40411: Creative Fun 12in1 – Northern Summer’s Gift with Purchase [review]

Despite the fact that I am based in Australia, 2/3 of my readers seem to be from the northern hemisphere. With this in mind, here is a review of a LEGO Store Gift with Purchase – which seems to line up with the northern summer nicely. Unfortunately, it does not look like it will be available Down Under for the time being… 1st July it looks like it will have Australian availability in July too.

If you live north of the equator, it must almost be time for a summer holiday. From July 1st, the gift with purchase really reflects that, with a new summer themed 12 in 1 building set: 40411 Creative Fun 12 in 1

The set will be available in conjunction with purchases over $85US/£85/€85 from the LEGO store from 1st July to the 26th, 2020. Update: in Australia it will be available from 1-9 July, with purchases over $AUD169. Read on to see what’s inside.

The box opens up with a fold up lid, held closed by a couple of tapes. Inside, there are four bags of elements, as well as a small instruction book, outlining the 12 different builds.

The parts are many and varied, although of note, there are no transparent elements and no wheels. But you can see all we get here:

There are 23 different colours represented in this set – if you include the teal brick separator.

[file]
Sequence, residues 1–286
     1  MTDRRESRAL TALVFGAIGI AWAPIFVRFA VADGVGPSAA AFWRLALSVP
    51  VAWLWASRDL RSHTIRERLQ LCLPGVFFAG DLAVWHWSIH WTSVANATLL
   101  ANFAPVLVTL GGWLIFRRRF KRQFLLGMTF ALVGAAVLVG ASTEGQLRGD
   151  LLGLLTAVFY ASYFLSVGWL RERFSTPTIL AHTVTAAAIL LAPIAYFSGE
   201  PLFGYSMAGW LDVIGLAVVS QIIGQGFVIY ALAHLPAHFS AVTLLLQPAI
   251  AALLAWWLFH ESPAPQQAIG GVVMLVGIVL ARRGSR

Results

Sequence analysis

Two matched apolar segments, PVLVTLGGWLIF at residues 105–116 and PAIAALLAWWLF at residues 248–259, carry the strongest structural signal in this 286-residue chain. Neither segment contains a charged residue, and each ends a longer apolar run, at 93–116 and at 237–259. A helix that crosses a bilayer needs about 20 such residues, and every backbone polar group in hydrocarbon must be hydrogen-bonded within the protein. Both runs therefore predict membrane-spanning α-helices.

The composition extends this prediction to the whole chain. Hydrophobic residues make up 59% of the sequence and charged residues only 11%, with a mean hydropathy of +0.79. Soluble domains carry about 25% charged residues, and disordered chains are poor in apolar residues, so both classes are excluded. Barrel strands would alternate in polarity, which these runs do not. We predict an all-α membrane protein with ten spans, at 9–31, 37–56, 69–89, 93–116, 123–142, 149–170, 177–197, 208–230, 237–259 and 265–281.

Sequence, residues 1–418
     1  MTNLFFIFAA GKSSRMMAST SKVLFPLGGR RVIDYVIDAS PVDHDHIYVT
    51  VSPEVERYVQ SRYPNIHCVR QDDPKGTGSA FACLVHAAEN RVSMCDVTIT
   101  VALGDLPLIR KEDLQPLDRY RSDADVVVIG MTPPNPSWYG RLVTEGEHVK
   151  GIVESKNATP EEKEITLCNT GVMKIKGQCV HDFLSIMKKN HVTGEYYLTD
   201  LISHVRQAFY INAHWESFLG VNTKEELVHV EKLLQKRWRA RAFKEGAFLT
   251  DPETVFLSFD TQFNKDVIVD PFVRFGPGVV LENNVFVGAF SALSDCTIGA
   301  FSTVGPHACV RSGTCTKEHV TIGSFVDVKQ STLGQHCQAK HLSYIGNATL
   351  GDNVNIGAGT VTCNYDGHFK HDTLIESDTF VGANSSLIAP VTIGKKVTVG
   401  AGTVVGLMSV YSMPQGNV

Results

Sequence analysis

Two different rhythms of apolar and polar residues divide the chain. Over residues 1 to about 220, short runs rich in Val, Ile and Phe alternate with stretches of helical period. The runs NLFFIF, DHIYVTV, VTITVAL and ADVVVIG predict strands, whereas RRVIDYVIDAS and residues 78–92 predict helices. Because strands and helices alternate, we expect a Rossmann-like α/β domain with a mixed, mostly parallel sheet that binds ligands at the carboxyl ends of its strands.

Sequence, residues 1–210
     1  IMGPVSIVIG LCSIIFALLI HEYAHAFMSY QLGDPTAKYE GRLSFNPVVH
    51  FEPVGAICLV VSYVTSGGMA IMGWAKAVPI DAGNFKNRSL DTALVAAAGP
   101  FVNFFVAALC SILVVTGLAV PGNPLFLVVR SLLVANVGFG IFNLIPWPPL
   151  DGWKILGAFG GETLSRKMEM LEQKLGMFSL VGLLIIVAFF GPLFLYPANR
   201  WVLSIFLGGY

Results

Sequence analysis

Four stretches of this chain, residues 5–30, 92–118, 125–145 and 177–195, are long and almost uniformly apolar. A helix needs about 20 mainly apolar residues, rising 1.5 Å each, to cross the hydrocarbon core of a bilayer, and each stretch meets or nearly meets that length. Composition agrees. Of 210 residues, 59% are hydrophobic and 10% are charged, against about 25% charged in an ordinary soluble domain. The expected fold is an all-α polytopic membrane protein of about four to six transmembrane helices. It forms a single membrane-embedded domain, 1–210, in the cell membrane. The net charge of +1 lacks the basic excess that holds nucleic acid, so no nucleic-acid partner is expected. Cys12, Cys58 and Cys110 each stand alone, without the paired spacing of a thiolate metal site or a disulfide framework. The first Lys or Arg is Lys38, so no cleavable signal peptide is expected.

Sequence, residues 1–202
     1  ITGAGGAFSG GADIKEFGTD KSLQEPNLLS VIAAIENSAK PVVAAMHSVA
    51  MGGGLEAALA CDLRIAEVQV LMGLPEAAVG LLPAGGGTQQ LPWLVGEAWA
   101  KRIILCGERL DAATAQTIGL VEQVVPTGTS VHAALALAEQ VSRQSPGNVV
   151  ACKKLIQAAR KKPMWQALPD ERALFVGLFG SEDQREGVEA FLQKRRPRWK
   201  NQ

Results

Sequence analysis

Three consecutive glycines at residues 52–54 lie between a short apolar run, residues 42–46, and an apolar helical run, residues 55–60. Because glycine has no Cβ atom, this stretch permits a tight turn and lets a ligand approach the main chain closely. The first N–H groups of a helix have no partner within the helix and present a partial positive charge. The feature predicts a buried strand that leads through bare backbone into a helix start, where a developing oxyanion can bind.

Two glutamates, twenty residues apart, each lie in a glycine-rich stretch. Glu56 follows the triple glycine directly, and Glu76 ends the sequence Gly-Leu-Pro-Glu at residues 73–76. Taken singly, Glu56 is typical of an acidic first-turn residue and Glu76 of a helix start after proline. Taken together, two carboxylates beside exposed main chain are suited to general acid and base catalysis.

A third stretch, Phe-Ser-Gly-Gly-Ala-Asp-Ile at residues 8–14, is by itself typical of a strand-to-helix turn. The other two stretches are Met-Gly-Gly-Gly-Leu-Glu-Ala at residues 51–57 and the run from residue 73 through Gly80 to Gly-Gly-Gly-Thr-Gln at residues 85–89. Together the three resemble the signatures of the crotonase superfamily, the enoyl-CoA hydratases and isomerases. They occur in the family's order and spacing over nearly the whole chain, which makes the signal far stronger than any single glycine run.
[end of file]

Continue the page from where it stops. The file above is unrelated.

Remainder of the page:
The parts come in four bags, according to size of the parts.

As I set about the builds for in this set, it became apparent that this is not a Classic set. There is a degree of sophistication within these builds that belies their simplicity. As I continued, I found a number of recurring lessons. Overall, I found this set, and the associated builds were a masterclass in SNOT and going off the grid.

The first build is a pinapple. Built around a core of SNOT Bricks, this build demonstates the 2 plates required for appropriate spacing between the snot bricks, to allow a plate to be placed over them.

We build some cherries, with a horizontal hinge acting to provide an organic angle. The watermelon is a little more sophisticated, using bricks with a clip and a plate with bar to convey the angle of the wedge..

It s not just summer fruits, however. What better to have on a hot day than an ice-cream. Here we see the importance of greebling, to add a little interest to an otherwise blank surface. Admittedly the greebling is a few ‘candy dots’ on the chocolate coating, but greebles none the less.

This little duck is full of charm, and features multiple SNOT bricks, hidden by small arches. I like the way its orange beak breaks up the yellow arches that dominate the shape.

Our next model moves off the grid in different ways: this sandcastle uses multiple slopes, including the 1×1 with 2×45º slopes. The cool yellow horizontal hinges allow a more organic shape, not fixed at right angles.

These 2 small boats demonstrate different techniques to have the sails angled. The first merely relies on pivoting the bottom edge of the sail on the stud of a 2×2 offset plate. The other uses a ball joint to allow the sail on a windsurfer to be positioned as needed.